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Study of Alvimopan for the Management of Opioid-induced Postoperative Bowel Dysfunction/Postoperative Ileus

This study has been completed.
Sponsor:
ClinicalTrials.gov Identifier:
NCT00388401
First Posted: October 16, 2006
Last Update Posted: July 20, 2015
The safety and scientific validity of this study is the responsibility of the study sponsor and investigators. Listing a study does not mean it has been evaluated by the U.S. Federal Government. Read our disclaimer for details.
Collaborator:
GlaxoSmithKline
Information provided by:
Cubist Pharmaceuticals LLC
October 13, 2006
October 16, 2006
July 20, 2015
January 2002
June 2003   (Final data collection date for primary outcome measure)
acceleration of gastrointestinal recovery
Same as current
Complete list of historical versions of study NCT00388401 on ClinicalTrials.gov Archive Site
  • time until ready for discharge based upon recovery of GI function
  • severity of GI symptoms
  • pain
  • opioid consumption
  • time to tolerate solid food
  • need for reinsertion of nasogastric tube
  • time until discharge order is written
Same as current
Not Provided
Not Provided
 
Study of Alvimopan for the Management of Opioid-induced Postoperative Bowel Dysfunction/Postoperative Ileus
A Multicenter Phase III, Double-Blind, Placebo-Controlled, Parallel Study of ADL-8-2698 in Opioid-Induced Postoperative Bowel Dysfunction/Postoperative Ileus
Patients undergoing major abdominal surgery are at highest risk for developing postoperative ileus (POI), occurring in nearly all cases. Signs and symptoms of POI may include abdominal distention, bloating, persistent abdominal pain; nausea and/or vomiting; delayed passage or inability to pass flatus or stool; and inability to tolerate a solid diet. This study will test the ability of alvimopan 6 mg or 12 mg given 2 hours before the scheduled start of surgery to hasten the recovery of GI function in patients undergoing major abdominal surgery (bowel resection or abdominal hysterectomy).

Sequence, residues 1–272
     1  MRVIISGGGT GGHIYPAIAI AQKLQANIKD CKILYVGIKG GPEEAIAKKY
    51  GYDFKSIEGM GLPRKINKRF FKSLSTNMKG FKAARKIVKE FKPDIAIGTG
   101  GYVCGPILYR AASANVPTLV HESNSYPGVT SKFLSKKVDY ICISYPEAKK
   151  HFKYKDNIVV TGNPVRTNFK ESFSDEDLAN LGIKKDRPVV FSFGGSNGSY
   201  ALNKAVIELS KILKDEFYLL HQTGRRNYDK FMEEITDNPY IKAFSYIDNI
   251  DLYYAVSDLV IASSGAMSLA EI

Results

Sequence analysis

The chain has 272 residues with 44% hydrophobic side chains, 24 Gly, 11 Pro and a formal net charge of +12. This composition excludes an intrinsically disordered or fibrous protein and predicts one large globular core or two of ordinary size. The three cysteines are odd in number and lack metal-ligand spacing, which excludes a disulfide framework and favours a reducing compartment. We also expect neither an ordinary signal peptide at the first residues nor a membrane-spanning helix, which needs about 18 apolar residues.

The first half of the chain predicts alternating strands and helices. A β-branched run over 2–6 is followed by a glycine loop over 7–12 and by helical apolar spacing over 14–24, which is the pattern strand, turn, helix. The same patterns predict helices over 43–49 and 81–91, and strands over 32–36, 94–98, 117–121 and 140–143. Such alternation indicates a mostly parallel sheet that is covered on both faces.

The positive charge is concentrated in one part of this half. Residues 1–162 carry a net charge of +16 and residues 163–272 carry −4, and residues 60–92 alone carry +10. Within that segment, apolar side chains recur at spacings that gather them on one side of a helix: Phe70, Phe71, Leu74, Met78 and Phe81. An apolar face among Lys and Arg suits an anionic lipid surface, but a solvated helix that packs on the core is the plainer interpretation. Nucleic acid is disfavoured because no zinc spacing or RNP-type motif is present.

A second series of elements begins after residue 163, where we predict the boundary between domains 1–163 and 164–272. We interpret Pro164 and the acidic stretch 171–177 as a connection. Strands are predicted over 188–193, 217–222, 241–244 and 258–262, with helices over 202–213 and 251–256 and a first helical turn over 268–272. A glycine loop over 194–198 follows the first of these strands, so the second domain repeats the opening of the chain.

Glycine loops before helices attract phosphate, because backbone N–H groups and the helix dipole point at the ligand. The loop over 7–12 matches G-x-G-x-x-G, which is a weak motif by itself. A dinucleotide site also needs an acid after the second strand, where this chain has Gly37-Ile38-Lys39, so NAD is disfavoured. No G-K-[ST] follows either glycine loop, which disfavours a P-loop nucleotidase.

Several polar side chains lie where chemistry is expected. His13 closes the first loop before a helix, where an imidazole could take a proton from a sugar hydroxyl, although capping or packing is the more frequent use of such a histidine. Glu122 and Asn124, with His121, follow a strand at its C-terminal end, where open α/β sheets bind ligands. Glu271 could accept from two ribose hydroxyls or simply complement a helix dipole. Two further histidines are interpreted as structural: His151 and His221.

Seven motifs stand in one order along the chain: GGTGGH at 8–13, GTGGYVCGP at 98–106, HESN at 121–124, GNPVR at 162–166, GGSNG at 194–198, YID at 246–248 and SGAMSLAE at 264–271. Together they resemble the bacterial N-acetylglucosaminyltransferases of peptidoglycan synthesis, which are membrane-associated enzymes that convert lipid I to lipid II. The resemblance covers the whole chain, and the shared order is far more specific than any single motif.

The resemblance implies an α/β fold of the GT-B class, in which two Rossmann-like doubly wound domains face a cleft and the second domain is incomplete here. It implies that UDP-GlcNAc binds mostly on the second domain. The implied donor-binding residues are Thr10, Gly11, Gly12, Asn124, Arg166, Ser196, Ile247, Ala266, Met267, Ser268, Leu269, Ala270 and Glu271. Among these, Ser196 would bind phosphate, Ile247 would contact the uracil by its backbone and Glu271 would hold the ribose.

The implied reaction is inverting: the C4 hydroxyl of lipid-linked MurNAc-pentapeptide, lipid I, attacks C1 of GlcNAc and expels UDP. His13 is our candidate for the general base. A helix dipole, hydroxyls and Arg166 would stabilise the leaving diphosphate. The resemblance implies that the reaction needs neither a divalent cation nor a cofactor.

Postoperative ileus (POI) is temporary slowing down or stopping of bowel function and a slowing down of movement of contents of the intestines. This functional impairment persists for a variable duration following surgery, usually resolving within 1 day in the small intestine, 1 to 3 days in the stomach and 3 to 5 days in the colon. When POI persists for more than 5 days, it is generally considered severe, sometimes referred to as complicated or prolonged POI, and increases the risk for related morbidity. No drug therapy has been shown to consistently shorten the duration of POI. This study is designed to demonstrate that alvimopan, a novel, peripherally acting mu opioid receptor antagonist, accelerates the recovery of GI function in patients undergoing bowel resection of hysterectomy.
Interventional
Phase 3
Allocation: Randomized
Intervention Model: Parallel Assignment
Masking: Double
Primary Purpose: Treatment
Ileus
Drug: Alvimopan
Not Provided

*   Includes publications given by the data provider as well as publications identified by ClinicalTrials.gov Identifier (NCT Number) in Medline.
 
Completed
510
June 2003
June 2003   (Final data collection date for primary outcome measure)

Inclusion Criteria:

  • Subject is scheduled for a partial small/large bowel resection of primary anastomosis or total abdominal hysterectomy (simple or radical) via laparotomy
  • Subject is scheduled to receive primary postoperative pain management with intravenous (i.v.) patient-controlled analgesia (PCA) opioids

Exclusion Criteria:

  • Subject is scheduled for a total colectomy, colostomy, ileostomy
  • Subject has complete bowel obstruction
  • Subject is currently taking opioid analgesics or has taken opioid analgesics within the prior 2 weeks
Sexes Eligible for Study: All
18 Years and older   (Adult, Senior)
No
Contact information is only displayed when the study is recruiting subjects
United States
 
 
NCT00388401
14CL313
No
Not Provided
Not Provided
Not Provided
Cubist Pharmaceuticals LLC
GlaxoSmithKline
Study Director: Adolor Corporation Cubist Pharmaceuticals LLC
Cubist Pharmaceuticals LLC
October 2008

ICMJE     Data element required by the International Committee of Medical Journal Editors and the World Health Organization ICTRP